The chief justice shall from time to time apportion the business to the departments, and may, in his or her discretion, before a decision is pronounced, order any cause pending before the court to be heard and determined by the court en banc. When a cause has been allotted to one of the departments and a decision pronounced therein, the chief justice, together with any two associate judges, may order such cause to be heard and decided by the court en banc. Any four judges may, either before or after decision by a department, order a cause to be heard en banc.
[2011 c 336 § 10; 1909 c 24 § 4, part; RRS § 9.]
Rules of practice and forms of process in supreme court.
The supreme court may from time to time institute such rules of practice and prescribe such forms of process to be used in such court and in the court en banc and each of its departments, and for the keeping of the dockets, records and proceedings, and for the regulation of such court, including the court en banc and in departments, as may be deemed most conducive to the due administration of justice.
[1909 c 24 § 8; 1890 p 323 § 12; RRS § 13.]
Rules of court: Cf. Title 1 RAP and RAP 18.10.
Rules of pleading, practice, and procedure generally.
The supreme court shall have the power to prescribe, from time to time, the forms of writs and all other process, the mode and manner of framing and filing proceedings and pleadings; of giving notice and serving writs and process of all kinds; of taking and obtaining evidence; of drawing up, entering and enrolling orders and judgments; and generally to regulate and prescribe by rule the forms for and the kind and character of the entire pleading, practice and procedure to be used in all suits, actions, appeals and proceedings of whatever nature by the supreme court, superior courts, and district courts of the state. In prescribing such rules the supreme court shall have regard to the simplification of the system of pleading, practice and procedure in said courts to promote the speedy determination of litigation on the merits.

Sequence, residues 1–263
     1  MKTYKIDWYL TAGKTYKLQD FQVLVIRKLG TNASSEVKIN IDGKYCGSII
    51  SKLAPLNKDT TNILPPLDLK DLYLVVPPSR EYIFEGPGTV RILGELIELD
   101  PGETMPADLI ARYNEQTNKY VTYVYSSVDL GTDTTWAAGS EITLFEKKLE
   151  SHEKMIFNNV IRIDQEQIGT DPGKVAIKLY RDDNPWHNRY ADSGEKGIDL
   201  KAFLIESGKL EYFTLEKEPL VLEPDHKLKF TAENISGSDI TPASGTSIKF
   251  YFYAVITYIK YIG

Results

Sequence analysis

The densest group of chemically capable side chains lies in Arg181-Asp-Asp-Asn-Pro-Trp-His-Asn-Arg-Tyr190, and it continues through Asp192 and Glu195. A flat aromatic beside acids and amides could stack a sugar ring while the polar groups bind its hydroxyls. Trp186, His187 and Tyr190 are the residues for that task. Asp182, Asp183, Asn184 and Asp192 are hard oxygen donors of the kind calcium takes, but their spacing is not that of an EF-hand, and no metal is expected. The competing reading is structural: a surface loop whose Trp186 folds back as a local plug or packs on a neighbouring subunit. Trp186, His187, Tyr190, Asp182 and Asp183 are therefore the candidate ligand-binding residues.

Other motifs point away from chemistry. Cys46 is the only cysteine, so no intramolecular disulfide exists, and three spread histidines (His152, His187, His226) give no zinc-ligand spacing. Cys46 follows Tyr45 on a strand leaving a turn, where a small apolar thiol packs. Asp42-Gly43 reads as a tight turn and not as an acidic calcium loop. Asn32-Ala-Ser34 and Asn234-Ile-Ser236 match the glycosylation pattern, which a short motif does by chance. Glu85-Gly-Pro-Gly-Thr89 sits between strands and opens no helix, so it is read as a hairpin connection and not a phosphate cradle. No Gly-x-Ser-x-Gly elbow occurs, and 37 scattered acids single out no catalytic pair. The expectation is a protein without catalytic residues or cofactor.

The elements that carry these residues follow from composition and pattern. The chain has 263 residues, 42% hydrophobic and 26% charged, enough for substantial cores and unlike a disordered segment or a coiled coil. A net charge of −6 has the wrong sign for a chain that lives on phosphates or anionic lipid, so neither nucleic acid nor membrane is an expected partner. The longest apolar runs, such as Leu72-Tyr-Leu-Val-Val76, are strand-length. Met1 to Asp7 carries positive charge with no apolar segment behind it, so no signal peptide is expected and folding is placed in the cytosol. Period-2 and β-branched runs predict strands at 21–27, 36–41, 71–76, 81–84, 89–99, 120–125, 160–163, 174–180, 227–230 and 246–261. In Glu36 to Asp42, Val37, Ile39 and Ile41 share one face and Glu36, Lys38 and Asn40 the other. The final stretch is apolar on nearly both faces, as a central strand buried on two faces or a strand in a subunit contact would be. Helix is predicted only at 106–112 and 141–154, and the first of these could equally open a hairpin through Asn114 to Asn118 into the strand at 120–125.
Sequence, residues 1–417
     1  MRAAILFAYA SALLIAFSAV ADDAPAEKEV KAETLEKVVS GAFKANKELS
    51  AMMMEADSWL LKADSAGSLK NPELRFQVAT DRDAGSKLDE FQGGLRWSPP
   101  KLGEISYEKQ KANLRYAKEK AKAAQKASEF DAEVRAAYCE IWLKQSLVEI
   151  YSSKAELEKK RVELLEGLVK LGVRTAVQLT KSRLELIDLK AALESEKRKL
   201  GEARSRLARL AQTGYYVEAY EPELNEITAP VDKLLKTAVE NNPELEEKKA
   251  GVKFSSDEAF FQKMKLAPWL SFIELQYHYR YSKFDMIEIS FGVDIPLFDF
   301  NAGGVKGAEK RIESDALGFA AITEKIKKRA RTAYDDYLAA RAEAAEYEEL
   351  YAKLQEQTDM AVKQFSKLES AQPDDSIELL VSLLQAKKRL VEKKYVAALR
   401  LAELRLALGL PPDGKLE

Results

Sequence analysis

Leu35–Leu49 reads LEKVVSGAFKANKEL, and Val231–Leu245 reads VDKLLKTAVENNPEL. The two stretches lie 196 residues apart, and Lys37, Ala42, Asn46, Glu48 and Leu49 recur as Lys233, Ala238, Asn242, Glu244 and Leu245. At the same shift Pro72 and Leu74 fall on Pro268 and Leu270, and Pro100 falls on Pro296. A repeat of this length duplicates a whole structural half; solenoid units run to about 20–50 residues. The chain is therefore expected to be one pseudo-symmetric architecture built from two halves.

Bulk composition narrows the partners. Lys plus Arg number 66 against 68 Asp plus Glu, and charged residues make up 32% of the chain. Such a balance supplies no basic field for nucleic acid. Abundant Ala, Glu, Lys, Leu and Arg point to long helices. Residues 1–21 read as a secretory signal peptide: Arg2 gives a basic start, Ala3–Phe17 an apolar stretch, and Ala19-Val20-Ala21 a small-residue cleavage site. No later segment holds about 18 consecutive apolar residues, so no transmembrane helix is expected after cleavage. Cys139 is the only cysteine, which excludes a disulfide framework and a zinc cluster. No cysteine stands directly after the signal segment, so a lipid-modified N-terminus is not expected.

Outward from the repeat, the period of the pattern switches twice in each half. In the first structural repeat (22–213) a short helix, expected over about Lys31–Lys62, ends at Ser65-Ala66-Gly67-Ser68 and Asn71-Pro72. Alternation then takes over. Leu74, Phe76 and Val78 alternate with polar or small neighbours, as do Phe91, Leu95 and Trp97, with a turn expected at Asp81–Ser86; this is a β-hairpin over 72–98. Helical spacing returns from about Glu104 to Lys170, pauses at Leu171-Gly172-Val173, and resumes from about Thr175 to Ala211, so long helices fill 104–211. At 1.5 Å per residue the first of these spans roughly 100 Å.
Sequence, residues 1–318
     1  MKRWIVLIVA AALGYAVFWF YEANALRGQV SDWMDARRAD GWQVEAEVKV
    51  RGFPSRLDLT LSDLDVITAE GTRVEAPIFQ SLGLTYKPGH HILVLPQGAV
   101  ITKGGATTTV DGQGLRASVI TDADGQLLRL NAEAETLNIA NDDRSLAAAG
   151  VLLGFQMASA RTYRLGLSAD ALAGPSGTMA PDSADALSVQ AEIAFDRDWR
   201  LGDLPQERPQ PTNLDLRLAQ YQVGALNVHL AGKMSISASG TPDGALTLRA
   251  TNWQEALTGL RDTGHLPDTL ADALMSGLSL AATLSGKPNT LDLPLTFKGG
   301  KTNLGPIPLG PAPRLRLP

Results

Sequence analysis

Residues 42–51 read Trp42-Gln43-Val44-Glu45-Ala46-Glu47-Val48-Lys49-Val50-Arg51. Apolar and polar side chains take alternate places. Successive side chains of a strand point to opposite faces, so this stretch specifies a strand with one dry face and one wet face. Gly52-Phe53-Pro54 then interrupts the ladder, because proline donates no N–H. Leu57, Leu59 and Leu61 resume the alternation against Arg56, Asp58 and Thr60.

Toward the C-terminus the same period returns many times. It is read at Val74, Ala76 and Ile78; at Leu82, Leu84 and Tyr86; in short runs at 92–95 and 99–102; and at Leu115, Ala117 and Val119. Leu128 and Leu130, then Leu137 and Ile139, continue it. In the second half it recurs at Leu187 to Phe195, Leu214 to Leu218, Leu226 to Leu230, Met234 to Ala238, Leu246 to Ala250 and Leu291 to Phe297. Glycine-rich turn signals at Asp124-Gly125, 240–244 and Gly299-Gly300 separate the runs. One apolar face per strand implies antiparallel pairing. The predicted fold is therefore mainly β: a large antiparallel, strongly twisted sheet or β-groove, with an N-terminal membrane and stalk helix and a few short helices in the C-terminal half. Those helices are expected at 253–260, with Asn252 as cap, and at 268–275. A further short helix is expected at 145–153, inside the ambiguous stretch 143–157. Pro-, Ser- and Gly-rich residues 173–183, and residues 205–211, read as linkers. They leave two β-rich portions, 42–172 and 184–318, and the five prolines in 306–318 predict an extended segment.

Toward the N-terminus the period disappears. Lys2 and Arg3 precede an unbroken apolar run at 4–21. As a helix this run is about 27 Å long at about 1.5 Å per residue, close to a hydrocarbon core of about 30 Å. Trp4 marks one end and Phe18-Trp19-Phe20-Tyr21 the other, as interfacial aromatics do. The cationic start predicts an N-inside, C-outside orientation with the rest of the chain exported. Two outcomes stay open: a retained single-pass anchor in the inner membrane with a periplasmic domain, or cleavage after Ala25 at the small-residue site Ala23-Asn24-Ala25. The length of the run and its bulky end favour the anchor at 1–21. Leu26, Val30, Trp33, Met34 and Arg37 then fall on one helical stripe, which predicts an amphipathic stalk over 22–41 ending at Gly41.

[1987 c 202 § 101; 1925 ex.s. c 118 § 1; RRS § 13-1.]
Rules of court: Cf. Title 1 RAP.
Intent—1987 c 202: "The legislature intends to:
(1) Make the statutes of the state consistent with rules adopted by the supreme court governing district courts; and
(2) Delete or modify archaic, outdated, and superseded language and nomenclature in statutes related to the district courts." [1987 c 202 § 1.]
Court of appeals—
Rules of administration and procedure: RCW 2.06.030
Effect of rules upon statutes.
When and as the rules of courts herein authorized shall be promulgated all laws in conflict therewith shall be and become of no further force or effect.
[1925 ex.s. c 118 § 2; RRS § 13-2.]
Rules of court: Cf. CR 81(b), RAP 1.1(g).
Supplementary superior court rules.
shall not be construed to deprive the superior courts of power to establish rules for their government supplementary to and not in conflict with the rules prescribed by the supreme court.
[1925 ex.s. c 118 § 3; RRS § 13-3.]
Rules of court: Cf. CR 83(a); Cf. RAP 1.1.
Adoption of rules for settlement conferences in civil cases.
By January 1, 1982, the supreme court shall adopt rules for settlement conferences in civil cases in such superior courts and the court of appeals which are amenable to the settlement conference process.
[1981 c 331 § 5.]
Court Congestion Reduction Act of 1981—Purpose—Severability—1981 c 331:
See notes following RCW 2.32.070
Adoption of rules for discovery in civil cases in courts of limited jurisdiction: RCW 3.02.050
Effect of supreme court judgments.